All of this stress has had a negative effect on my health. I have had Lyme disease for over 10 years, which had been stable but my symptoms have been flaring up in the last 6 months. I have also gotten several other infections including bronchitis and scarlet fever. I have also developed an ulcer and have been getting almost daily migraines.

    In addition to these reasons for quitting, I also have a side business as a musician/private instructor and have been starting my own non-profit organization, all of which have been demanding more of my time.

    My question is what the best way for me to resign that wouldn’t jeopardize my faculty position or my relationship with my bosses? They could potentially help my side business so it would be unwise for me to end up on bad terms with them. I could tell them about my health problems, which would make them more sympathetic toward me and less likely to say bad things about me behind my back, which they’ve been known to do, but I’m worried they will then consider me too weak and not want to bother me with other business opportunities. Alternatively, I could tell them about my nonprofit and say I need to devote more time to that, but they have unpredictable emotional responses and may view it as an act of disloyalty and smear my name with whomever will listen (I’ve seen them do it for less). Or perhaps some combination of the two? Also, how should I go about announcing my resignation to the parents and students?

    • Zakafury

      Let me know if I have this right. In your position as manager you came across evidence of racial discrimination in pay, and it is giving weighing on your heavily. So, you want to resign your administrative position due to a moral objection to this perceived racism, but you wish to keep teaching through the program.

      I would feel obligated to have a frank discussion about the implications of these pay disparities with whomever is actually responsible for them. This can be framed without threat or accusation – “I noticed something that should concern the organization.” If they have a valid reason payroll worked out this way, then it’s nothing to worry about.

      To resign one job and not the other, I think “just a desire to teach more” is a nice reason. This makes it clear why you want to remain on the faculty, and it dovetails nicely as a way to network more private lesson business.

    • Elizabeth

      It sounds as if you have two rather different reasons – your ethical objections and your desire to channel your energies elsewhere (into your business, etc). If you wish you quit one aspect of your job while retaining the other, it would be smart to mention only the second set of reasons – that you love teaching, and you’re trying to reorient your life such that you can make the most positive impact doing work you love.

      However, you also bring up an ethical problem that I think is not so easily solved by quitting your position as manager. What it kind of sounds like is that you’d like to take a position of less responsibility so that it’s not your responsibility to speak up, confront the issues, etc, as if you could just forget what you saw if you’re just on faculty. I’m not at all in favor of your taking a stand that would land you out of a job, but now that you do know about racism, pay disparity, and poor treatment of children (??), the ball does seem to be in your court to do something about it. I have no idea what that would be. Perhaps an anonymous note or email to the lesser-paid faculty letting them know? Anonymous note to childrens’ parents who are being mistreated? An anonymous report to the appropriate state agency?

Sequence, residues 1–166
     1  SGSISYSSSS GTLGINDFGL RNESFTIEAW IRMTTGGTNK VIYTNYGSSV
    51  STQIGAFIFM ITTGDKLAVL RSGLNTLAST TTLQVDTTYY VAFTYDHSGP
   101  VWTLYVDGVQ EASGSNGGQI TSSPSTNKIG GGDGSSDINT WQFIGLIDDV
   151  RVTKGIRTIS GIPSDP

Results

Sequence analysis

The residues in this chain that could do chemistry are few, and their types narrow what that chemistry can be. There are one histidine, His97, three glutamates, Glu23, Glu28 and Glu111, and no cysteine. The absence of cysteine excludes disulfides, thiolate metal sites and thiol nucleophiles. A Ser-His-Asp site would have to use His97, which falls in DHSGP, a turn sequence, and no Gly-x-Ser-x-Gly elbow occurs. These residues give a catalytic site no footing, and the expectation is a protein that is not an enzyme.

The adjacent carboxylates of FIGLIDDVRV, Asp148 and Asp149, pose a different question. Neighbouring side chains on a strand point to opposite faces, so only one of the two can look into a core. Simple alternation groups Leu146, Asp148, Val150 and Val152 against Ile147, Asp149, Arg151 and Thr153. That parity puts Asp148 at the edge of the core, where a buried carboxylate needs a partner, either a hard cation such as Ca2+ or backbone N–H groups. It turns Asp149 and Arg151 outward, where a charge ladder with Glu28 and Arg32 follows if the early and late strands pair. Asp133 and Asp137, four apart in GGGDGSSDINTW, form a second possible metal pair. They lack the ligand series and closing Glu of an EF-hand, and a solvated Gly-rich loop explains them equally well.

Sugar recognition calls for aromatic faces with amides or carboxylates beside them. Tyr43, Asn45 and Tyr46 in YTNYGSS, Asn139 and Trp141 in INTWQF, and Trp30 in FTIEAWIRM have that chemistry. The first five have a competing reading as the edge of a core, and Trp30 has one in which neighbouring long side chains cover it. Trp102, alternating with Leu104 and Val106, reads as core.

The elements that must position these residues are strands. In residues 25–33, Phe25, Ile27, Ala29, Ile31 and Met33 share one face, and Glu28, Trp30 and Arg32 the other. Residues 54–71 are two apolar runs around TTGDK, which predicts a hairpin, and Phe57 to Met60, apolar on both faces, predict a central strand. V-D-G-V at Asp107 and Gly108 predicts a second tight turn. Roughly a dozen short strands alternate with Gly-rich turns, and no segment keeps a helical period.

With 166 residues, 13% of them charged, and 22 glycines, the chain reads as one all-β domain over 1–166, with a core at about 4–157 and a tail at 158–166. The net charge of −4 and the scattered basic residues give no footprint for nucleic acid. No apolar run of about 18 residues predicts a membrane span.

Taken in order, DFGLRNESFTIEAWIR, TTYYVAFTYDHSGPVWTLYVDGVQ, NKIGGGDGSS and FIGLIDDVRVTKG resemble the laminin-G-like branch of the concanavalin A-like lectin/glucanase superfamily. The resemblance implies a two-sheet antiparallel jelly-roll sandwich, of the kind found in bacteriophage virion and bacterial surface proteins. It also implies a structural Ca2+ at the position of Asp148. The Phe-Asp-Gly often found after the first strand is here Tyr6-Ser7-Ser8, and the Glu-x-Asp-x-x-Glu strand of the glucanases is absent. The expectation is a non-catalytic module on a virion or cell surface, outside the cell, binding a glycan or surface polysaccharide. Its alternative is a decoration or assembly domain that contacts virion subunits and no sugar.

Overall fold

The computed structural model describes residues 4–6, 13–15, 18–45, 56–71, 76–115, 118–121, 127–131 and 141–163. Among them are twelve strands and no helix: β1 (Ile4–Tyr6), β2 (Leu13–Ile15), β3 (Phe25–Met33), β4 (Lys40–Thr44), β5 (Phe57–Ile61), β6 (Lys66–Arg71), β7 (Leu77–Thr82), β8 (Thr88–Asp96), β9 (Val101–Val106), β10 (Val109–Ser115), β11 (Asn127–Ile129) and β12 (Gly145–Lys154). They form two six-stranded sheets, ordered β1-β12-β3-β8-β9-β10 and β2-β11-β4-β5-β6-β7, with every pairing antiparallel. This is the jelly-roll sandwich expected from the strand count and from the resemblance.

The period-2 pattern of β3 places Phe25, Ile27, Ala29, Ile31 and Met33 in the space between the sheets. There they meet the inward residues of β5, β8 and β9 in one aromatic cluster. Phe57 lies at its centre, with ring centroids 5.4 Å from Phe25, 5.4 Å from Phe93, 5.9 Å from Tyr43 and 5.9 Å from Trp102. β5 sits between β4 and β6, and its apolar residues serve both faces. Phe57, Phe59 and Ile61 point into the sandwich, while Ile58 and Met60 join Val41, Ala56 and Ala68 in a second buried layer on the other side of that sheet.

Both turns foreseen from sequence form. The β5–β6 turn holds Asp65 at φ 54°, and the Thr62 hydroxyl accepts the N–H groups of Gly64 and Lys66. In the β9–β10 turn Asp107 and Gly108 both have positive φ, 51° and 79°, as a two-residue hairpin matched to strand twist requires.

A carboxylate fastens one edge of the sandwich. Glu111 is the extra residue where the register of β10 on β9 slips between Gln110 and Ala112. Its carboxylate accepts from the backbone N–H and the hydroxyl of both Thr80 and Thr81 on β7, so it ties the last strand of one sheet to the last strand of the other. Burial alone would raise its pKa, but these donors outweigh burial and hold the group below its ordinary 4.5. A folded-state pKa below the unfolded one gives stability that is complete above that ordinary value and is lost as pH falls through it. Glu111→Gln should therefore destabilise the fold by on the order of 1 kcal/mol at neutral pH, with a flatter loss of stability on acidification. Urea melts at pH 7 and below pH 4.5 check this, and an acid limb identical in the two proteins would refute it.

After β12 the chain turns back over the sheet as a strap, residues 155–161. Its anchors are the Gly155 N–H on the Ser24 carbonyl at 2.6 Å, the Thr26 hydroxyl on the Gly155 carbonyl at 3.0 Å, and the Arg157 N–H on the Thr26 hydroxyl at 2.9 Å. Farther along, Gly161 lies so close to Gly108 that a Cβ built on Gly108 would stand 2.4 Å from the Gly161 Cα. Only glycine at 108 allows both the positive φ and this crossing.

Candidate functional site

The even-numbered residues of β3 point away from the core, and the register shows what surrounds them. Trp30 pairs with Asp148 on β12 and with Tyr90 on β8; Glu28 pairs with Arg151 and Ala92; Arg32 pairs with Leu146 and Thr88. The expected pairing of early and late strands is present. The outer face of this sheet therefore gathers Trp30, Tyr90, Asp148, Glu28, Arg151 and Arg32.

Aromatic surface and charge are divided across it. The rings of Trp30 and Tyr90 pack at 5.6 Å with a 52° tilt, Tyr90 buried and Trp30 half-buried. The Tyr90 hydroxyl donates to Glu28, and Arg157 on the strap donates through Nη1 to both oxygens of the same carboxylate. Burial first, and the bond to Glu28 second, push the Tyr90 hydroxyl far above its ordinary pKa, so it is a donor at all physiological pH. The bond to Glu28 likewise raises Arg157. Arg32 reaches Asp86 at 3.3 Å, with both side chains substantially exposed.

Oh – and I just saw that you have a third reason for wanting to step down your involvement – your health. That is of course paramount. I suppose my advice would be to do what you can to address the ethical problems while maintaining a sense of security for your health and job. I realize that this is not a specifically etiquette-related answer, but in many ways the question is not strictly related to etiquette either. The very narrow question about how to deal with your bosses is straightforward: focus on the positive, don’t tell them anything directly about your ethical disapproval or health issues, and frame it as a win-win for the organization. It might help if you had some suggestions for who could replace you. Best of luck, I hope you’ll let us know how things unfold.

    • Winifred Rosenburg

      Thank you all for your input. Zackafury, I like your idea about saying I “desire to teach more.”

      As much as I’d like to try to correct the problem of the way they treat their staff and students, I don’t think it’s possible. I consulted a lawyer and it turns out no pay disparity laws apply here because the company is so small. Fortunately, the faculty pay is regulated by the union so the problem only really affects three of us (and the other two are away of the problem and considering quitting as well). The board of directors consists of my bosses and their friends so I seriously doubt they would change anything.

      As far as doing something about their mistreatment of staff and students goes, I can’t imagine anything good would come of it. One of my co-workers informed me that before I started working there several employees confronted the bosses about changing certain practices. It escalated into a stand-off and several of them quit in protest. Nothing has changed since. Many of the students actually seem to be aware that one of my bosses should not be in his position (I’ve noticed eye-rolling several times) but probably aren’t aware of how far his favoritism extends. My bosses are nearing retirement age so I just hope that they will step away from their positions soon and allow someone with integrity to take over.

  3. Jerry

    You quit with a note in substantially similar form to the following:

    Dear [Bosses]:

    Effective [date], I resign from the position of [manager] to focus on my responsibilities as [faculty] and other professional projects. I am very grateful for all of the positive contributions you have made to my success during my time as [manager].



    BTW, this is one of the few times I would say do not confront your boss about your thoughts that they are racist. Consult an attorney. Then lodge an anonymous complaint through the attorney as a whistle blower. The complaint should go to the board of directors or whatever group is ultimately in charge.